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Local faith, business leaders laud push for immigration reform

By Marjorie Cortez | Posted - Feb 1st, 2014 @ 11:03am

SALT LAKE CITY — Local faith and business leaders are lauding the release of House Republicans’ standards for immigration reform, and they are calling on Congress to pass legislation in 2014.

The standards, made public Thursday, say border security and employment verification are priorities but emphasize that it is time to provide legal residence and citizenship for children brought to the United States by unauthorized immigrant parents.

“As citizens, we welcome any positive political progress for fair and humane immigration reform. Immigration policies express who we are as a nation, influence our nation’s future character, and affect the lives of millions of people,” said the Rev. Steve Klemz, pastor of Zion Evangelical Lutheran Church of Salt Lake City.

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“From our faith perspective, compassion compels us to be caught up in the movement, which stands for welcome, dignity and safekeeping for families who are vulnerable to deportation.”

Immigration reform is needed to provide an atmosphere of predictability for businesses, said Lane Beattie, president and chief executive officer of the Salt Lake Chamber.

“These principles represent bold leadership on a complex issue. Utah has helped lead this discussion, because we know immigration reform will grow our economy and provide predictability that businesses need,” Beattie said.

“We are encouraged by the developments and pledge our support for moving forward.”

Rep. Lynn Hemingway, D-Millcreek, agrees that Utah has been a leader in the national immigration conversation. That’s why, for three years running, he’s sponsored a resolution that the Utah Legislature express support for the Utah Compact.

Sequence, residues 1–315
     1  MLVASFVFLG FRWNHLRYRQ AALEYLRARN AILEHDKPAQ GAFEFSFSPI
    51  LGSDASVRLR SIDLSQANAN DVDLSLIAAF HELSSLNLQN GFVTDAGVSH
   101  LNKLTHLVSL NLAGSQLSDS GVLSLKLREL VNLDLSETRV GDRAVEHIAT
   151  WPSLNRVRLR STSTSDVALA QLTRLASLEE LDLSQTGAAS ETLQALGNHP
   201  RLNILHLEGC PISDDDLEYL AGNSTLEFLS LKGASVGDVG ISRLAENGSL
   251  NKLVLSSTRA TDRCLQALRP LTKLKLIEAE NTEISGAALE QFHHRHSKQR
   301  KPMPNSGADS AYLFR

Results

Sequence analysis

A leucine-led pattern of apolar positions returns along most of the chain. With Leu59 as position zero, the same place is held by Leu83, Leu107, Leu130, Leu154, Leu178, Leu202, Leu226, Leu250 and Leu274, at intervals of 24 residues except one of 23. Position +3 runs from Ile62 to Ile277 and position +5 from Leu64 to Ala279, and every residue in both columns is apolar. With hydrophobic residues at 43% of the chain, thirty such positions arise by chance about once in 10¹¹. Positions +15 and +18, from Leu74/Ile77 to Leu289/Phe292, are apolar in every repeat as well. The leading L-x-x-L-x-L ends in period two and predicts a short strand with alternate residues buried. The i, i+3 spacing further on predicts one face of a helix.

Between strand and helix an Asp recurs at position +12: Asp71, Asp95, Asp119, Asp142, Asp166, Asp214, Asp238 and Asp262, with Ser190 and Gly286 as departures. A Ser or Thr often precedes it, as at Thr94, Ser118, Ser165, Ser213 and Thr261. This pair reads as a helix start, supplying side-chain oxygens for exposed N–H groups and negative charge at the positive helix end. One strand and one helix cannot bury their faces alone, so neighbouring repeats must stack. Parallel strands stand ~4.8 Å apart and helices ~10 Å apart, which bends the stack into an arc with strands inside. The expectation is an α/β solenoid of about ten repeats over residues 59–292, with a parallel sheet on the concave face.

From our faith perspective, compassion compels us to be caught up in the movement, which stands for welcome, dignity and safekeeping for families who are vulnerable to deportation.

–Rev. Steve Klemz

The Utah Compact is a statement of principles to guide the nation’s immigration debate. It urges federal solutions and policies that do not separate families. Original signers of the document included business, religious, government and community leaders.

However, the resolution has never been assigned to a legislative committee for consideration. Hemingway said he hopes this year will be different.

“I’d love to see the state Legislature support the business groups and church groups that have supported the compact. But for the past two years, I haven’t been able to get it out of (the House) Rules (Committee). I thought I’d try it one more time and see if we could get support.

“I understand this has to be done federally. I get that. In my opinion, with all of our business leaders and church leaders who signed the compact and who support it, I think another jolt of the Legislature supporting it might help this along a little bit," Hemingway said.

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There are some parallels between the Utah Compact and the Standards for Immigration Reform issued by Republican congressional leaders.

The Utah Compact's five planks include federal solutions, law enforcement, families, the economy and a free society.

Meanwhile, the six standards for immigration reform include border security and interior enforcement; a visa tracking system; employment verification and workplace enforcement; reforms to the legal immigration system; youth; and no special path to citizenship for people who broke immigration laws.

Former Utah Republican Party Chairman Stan Lockhart, a Micron executive, said the current immigration system is "de facto amnesty. Passing sensible immigration reform would change that and would honor the ideals upon which our nation was founded, principally freedom and liberty."

Moreover, immigration reform would be one of the best things Congress could do for the nation's economy.

"Republicans must come to the table to be a part of the solution,” Lockhart said.

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